O Radiant Dawn, splendor of light everlasting:
Come and enlighten those who sit in darkness and in the shadow of death.
Every year when I pray the O Antiphons I can't help but notice that the Antiphon focuses on the 'splendor of light everlasting' falls on the shortest and darkest day of the year (for those of us in the northern hemisphere). It is a time when the "winter's cold ambush descends on us...Darkness arrives; all is anonymous, the sun has gone and the fading year dies."*
For all of us, the arrival of 'darkness' can take on different meanings. Just this past weekend Teresa and I were back in her hometown to celebrate her Dad's 89th birthday. But when the cake came out, although he smiled at all who gathered, he was unaware of what to do with the burning candles. Meanwhile, just the other day, I received a call from my step-mom, repeating the conversation we had the day before, and asking me if she had given birth to any children of her own that she needs to remember this Christmas. For them, and for so many others, darkness has arrived and much of life is anonymous.
So where is the darkness in your life? How often have you felt 'ambushed'?
But we have reason to 'come and cheer' the spirit of Advent…for the waiting and hoping is near an end. For while, on this winter equinox, we celebrate that the sun equally illuminates both the northern and southern hemispheres...we hold to the fact that tomorrow will be brighter than today.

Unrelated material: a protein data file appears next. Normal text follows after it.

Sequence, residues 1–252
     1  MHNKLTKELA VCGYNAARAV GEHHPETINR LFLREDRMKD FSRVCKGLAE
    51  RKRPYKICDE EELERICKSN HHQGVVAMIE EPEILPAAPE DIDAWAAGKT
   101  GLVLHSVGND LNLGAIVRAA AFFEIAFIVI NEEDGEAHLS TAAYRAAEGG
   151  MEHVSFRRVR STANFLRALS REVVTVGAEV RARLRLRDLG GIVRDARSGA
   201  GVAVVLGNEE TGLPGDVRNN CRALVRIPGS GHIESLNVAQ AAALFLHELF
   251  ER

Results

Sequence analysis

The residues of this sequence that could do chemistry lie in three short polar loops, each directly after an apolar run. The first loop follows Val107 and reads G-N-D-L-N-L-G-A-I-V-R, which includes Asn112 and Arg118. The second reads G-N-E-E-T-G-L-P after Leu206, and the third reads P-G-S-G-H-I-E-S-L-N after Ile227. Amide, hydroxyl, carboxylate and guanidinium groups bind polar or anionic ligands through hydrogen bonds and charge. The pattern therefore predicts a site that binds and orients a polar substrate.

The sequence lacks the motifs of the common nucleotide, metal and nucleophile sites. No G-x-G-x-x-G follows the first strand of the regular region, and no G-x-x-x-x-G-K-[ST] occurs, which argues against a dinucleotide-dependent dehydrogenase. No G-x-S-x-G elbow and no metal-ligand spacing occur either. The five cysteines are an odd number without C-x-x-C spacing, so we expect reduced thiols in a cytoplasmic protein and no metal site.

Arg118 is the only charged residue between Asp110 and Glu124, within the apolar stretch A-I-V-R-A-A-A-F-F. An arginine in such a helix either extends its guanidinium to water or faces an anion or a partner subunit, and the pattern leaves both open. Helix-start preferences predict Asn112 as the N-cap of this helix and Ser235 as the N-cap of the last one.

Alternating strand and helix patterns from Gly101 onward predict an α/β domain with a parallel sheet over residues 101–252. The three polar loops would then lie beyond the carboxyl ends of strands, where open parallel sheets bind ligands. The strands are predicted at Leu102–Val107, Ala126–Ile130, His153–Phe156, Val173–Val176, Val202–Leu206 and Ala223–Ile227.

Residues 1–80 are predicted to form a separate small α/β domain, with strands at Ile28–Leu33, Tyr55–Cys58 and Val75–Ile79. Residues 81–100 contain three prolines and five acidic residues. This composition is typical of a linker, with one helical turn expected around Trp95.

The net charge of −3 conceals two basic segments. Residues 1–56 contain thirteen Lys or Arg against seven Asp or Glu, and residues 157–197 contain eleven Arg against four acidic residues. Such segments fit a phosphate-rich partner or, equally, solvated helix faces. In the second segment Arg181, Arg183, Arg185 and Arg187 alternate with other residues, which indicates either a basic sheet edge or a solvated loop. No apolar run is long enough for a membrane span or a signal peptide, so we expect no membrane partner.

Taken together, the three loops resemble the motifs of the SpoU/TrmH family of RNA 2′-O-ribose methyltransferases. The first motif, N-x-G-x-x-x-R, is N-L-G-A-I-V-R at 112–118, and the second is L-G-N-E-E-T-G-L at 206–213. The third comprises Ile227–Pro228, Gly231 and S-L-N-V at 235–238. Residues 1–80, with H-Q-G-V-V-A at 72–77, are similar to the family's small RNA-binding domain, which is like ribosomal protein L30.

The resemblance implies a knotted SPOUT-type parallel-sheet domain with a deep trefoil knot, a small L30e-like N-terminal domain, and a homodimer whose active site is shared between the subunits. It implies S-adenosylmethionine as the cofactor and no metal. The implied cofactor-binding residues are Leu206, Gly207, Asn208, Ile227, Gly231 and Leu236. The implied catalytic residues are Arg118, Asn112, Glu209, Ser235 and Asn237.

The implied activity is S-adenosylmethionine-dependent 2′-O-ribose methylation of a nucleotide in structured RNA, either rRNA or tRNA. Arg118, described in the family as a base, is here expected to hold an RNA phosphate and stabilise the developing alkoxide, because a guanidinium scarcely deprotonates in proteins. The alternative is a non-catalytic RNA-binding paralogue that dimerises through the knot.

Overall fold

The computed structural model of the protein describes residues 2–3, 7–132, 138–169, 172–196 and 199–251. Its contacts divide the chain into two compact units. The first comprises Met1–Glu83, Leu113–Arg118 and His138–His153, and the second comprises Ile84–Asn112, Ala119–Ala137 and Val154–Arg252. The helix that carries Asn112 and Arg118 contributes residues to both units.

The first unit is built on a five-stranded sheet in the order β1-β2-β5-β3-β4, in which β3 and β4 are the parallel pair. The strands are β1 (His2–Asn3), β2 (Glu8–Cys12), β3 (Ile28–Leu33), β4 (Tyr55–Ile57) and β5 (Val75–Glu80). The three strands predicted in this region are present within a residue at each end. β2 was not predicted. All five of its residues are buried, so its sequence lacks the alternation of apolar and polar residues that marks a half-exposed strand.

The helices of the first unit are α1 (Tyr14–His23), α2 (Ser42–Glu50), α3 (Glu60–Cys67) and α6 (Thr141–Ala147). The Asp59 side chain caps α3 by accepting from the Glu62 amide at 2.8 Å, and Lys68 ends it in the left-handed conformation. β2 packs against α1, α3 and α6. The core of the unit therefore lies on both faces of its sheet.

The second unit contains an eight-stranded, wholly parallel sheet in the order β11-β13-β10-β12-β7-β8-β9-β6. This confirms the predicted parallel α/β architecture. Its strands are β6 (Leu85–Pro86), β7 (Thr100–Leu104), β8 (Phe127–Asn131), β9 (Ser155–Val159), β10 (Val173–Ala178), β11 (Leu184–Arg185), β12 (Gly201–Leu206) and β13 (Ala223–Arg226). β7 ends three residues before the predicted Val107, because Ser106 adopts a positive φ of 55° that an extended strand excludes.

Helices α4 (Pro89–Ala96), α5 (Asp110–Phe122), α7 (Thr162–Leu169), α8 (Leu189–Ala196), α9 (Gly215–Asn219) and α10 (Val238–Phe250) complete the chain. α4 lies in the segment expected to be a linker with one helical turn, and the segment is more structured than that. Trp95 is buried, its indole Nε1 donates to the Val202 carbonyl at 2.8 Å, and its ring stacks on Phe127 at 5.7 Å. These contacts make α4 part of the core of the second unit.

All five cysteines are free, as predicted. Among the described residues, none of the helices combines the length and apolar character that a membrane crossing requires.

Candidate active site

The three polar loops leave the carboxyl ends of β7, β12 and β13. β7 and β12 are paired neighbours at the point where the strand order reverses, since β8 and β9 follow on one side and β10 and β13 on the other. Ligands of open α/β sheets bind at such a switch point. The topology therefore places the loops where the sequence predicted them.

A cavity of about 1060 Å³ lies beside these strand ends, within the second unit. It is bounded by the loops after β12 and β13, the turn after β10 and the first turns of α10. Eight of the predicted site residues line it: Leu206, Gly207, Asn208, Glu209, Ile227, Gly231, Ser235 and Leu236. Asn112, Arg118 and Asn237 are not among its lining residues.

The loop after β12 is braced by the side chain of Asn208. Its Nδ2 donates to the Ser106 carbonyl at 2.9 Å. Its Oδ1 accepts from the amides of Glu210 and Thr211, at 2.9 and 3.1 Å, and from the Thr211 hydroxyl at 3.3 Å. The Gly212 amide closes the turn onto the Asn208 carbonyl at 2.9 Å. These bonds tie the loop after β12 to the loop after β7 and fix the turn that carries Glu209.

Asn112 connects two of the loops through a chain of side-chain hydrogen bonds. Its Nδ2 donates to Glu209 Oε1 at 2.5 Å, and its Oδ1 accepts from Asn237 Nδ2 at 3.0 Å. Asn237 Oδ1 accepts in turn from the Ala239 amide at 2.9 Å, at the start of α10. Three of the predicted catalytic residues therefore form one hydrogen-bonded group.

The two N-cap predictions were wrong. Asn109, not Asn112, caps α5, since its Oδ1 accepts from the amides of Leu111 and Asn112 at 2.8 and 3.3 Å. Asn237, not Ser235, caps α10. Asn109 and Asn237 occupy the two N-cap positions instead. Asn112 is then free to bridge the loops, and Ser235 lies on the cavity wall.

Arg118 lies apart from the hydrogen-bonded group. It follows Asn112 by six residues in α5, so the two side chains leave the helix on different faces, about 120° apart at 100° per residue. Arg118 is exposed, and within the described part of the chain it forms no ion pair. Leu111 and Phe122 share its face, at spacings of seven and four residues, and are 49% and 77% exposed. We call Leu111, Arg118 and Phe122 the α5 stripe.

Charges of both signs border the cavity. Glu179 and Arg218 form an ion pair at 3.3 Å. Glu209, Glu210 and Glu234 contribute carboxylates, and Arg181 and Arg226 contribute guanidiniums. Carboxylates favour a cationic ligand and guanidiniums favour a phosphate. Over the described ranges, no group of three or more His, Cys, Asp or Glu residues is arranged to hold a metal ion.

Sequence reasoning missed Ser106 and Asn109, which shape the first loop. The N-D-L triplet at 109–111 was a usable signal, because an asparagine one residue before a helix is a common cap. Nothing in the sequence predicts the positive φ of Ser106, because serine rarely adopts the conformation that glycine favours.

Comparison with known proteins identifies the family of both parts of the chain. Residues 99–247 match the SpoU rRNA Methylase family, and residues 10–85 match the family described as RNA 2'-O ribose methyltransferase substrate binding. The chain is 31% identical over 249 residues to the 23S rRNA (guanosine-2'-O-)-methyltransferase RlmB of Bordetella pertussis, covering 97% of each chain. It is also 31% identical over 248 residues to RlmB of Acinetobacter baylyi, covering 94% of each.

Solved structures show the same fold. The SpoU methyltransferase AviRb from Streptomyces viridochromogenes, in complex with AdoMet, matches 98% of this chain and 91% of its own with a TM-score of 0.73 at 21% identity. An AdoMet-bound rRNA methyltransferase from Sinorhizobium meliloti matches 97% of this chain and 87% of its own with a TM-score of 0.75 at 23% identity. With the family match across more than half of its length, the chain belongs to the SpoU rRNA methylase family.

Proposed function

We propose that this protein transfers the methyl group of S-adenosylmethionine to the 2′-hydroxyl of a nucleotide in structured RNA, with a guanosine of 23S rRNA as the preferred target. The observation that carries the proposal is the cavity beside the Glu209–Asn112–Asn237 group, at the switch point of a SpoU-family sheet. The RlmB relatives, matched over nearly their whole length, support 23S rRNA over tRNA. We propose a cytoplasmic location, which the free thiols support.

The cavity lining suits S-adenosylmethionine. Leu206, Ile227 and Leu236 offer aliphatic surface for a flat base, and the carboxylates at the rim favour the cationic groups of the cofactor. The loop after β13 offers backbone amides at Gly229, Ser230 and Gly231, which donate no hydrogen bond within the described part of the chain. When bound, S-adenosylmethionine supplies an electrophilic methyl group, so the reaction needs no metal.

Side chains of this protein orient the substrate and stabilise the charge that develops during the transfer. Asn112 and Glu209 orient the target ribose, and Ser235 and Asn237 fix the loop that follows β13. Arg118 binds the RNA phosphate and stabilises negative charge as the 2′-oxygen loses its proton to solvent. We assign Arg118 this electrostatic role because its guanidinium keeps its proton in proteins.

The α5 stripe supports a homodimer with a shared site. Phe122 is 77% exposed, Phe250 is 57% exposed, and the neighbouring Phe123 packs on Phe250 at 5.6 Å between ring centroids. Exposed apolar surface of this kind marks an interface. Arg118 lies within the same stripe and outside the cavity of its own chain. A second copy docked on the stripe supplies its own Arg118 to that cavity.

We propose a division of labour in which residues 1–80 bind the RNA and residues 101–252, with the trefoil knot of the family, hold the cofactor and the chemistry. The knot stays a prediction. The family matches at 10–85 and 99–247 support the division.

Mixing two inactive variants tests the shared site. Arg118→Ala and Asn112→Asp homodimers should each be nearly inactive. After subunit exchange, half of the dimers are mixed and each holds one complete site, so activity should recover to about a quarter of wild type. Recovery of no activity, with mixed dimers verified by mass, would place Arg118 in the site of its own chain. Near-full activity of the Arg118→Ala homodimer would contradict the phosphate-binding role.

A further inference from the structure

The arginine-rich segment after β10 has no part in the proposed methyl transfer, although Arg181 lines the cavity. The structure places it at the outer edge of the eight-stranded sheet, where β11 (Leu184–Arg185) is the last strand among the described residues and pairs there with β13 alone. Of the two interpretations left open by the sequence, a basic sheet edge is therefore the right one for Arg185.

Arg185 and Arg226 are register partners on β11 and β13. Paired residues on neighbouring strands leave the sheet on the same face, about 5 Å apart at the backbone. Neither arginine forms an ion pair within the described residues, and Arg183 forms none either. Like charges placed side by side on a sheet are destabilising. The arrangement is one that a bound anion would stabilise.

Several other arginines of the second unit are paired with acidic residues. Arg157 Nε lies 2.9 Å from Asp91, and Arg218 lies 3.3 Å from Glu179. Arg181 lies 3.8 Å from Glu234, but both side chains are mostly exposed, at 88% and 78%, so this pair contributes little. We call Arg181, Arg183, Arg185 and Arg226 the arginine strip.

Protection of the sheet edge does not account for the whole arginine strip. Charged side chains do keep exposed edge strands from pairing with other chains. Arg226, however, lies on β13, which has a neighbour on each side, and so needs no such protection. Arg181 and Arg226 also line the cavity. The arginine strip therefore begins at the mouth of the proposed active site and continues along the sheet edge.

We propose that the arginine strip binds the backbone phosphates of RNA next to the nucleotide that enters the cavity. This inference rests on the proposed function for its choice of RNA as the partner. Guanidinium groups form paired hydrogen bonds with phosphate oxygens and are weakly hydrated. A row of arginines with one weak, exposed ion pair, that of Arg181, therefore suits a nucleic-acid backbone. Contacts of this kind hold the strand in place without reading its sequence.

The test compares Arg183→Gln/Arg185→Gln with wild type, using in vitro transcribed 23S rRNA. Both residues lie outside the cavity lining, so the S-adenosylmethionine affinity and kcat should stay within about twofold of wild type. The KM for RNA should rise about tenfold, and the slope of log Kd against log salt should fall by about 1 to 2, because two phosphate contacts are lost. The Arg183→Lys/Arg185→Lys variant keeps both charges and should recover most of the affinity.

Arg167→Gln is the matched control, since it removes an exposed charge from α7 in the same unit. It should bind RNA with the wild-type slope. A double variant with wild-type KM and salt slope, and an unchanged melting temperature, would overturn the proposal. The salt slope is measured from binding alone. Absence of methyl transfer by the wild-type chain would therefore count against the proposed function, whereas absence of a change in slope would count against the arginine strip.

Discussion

This fifth day of the O Antiphons reminds us that Christ is the Light that will 'disperse the gloomy clouds' and put an end to 'death's dark shadows'...the Light that will make the blind see, the deaf hear, the lame walk...the Light that will enfold all of the dark nights of our life.
O come, Thou Day-spring, come and cheer
Our spirits by Thine advent here;
Disperse the gloomy clouds of night,
And death’s dark shadows put to flight.
Emmanuel shall come to thee, O Israel.
* taken from: Sonnet for the Winter Solstice, Robert Rose